Farmer Focus: Richard Beachell February column - Farmers Weekly

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Farmer Focus: Richard Beachell February column

Over winter I lectured at Bishop Burton College on an HNC in Agriculture course.

We spend quite a lot of time on computers drawing up cash-flow budgets and it was pleasing to the past few years’ minus figures turning positive.

This year’s group is a lively bunch, but it is clear that cash-flow budgeting is uncommon on most farms unless the bank manager dictates it.

We spent a long time discussing the forward price we should use and settled in the £140s for feed wheat. At these healthy prices overdraft figures soon diminish.

Our joint venture business relies heavily on us keeping detailed records of all inputs and outputs.

These have been kept on the Farmplan Crop Manager program which has recently been updated to one called Gatekeeper, and I have spent a fair amount of time in the office becoming familiar with the new software.

Many thanks to Sarah Alexander from Farmade who has been a fantastic help, nursing me through this on the end of a phone. As a result, I am up and running, and Gatekeeper looks a useful tool which will allow us to scrutinise our business in even more detail.

Now the days are getting longer it is good to get outside again and stuck into some manual work.

I have spent the past few days with my daughter Rosie teaching her the fine art of stock fencing in one of our grass fields. I thoroughly enjoyed my time with her and I now know the words and all the dance moves to the current Top 40.

Nitrogen plans have been drawn up and the Kuhn Aero has been checked over and hitched to one of the JD6920s. Once into March we will take our first tentative steps back onto the land.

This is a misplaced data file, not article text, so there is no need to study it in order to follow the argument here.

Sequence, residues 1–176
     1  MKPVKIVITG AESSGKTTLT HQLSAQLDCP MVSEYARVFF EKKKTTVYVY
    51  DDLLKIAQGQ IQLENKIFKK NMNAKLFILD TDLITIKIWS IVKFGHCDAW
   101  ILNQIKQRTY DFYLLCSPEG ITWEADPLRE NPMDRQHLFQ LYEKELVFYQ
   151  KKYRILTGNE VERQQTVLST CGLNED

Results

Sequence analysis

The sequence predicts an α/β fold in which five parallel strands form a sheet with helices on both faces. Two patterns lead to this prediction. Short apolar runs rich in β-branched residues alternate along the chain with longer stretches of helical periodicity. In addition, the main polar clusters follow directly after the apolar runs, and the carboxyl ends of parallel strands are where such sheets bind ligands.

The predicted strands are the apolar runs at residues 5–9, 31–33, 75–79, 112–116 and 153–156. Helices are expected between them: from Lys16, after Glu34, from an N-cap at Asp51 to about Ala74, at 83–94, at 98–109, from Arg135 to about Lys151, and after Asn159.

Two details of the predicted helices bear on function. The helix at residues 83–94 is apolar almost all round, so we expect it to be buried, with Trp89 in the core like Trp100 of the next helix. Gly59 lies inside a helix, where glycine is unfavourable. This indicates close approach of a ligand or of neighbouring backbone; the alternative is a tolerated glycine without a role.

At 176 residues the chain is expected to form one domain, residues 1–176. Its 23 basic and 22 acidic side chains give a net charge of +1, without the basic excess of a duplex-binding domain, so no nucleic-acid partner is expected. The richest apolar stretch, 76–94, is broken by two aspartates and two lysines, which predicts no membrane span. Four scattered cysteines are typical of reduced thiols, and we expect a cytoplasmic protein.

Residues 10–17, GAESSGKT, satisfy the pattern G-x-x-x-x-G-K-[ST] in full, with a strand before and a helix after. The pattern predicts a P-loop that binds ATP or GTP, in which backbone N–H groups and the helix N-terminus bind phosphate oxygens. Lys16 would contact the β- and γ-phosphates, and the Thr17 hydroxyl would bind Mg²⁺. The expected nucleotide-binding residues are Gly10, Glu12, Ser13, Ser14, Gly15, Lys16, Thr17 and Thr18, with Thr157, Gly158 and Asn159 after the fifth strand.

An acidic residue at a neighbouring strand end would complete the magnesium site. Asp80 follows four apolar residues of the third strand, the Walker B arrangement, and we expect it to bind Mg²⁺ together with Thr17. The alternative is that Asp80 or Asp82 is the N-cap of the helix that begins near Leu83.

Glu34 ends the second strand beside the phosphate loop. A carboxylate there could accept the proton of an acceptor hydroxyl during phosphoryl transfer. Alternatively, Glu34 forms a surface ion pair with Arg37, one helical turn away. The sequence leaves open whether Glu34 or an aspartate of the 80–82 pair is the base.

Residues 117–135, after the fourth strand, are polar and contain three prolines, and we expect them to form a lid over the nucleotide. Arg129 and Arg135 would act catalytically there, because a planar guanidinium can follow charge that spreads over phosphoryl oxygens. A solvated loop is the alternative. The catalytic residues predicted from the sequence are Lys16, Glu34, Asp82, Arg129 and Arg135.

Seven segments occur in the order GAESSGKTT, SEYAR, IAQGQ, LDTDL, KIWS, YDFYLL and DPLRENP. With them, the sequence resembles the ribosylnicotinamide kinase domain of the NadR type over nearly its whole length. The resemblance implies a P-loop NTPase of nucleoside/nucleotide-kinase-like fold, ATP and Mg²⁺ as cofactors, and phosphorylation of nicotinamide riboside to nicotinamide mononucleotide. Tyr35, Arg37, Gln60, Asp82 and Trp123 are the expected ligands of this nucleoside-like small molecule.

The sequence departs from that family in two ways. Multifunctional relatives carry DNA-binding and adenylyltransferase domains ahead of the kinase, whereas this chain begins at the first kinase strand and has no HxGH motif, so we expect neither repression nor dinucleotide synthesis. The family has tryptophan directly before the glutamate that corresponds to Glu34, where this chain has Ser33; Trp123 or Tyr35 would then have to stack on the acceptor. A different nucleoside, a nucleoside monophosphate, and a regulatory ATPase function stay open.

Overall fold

Farmer Focus: Richard Beachell February column

I travelled down to LAMMA with Nick, my farming neighbour, and he commented that farmers would be like kids in a sweet shop with their pocket money, given the upturn in commodity prices.

I was amazed at how the big the event has become –now second only to Cereals for a worthwhile day out at an agricultural show.

We arrived early but it was a struggle to get round in the day. It was pleasing to sense the positive vibes oozing from the machinery stands.

Our machinery policy sees us looking to replace the trailed crop sprayer andthis was our focus.Over the past few months we have narrowed the choice to two machines but this increased to three after we were impressed with another model there.

The idea is to convert from solid to liquid fertiliser and just one machine so it’s important that we make the right choice.

The price per unit andavailability of liquid nitrogen is a major concern. Supplies are so tight that we can’t get hold of a tanker load to test it out this season.

Once we’ve gone down this route there is no going backas tramline widths would increase to 28m which, in our opinion, is really too wide to spread accurately with a spinning disc unless SP5 material is used.

Over the years fine–tuning of crop husbandry has enabled us to produce a quality bread wheat sample, and there is a certain reluctance to start the learning curve again via the liquid route.

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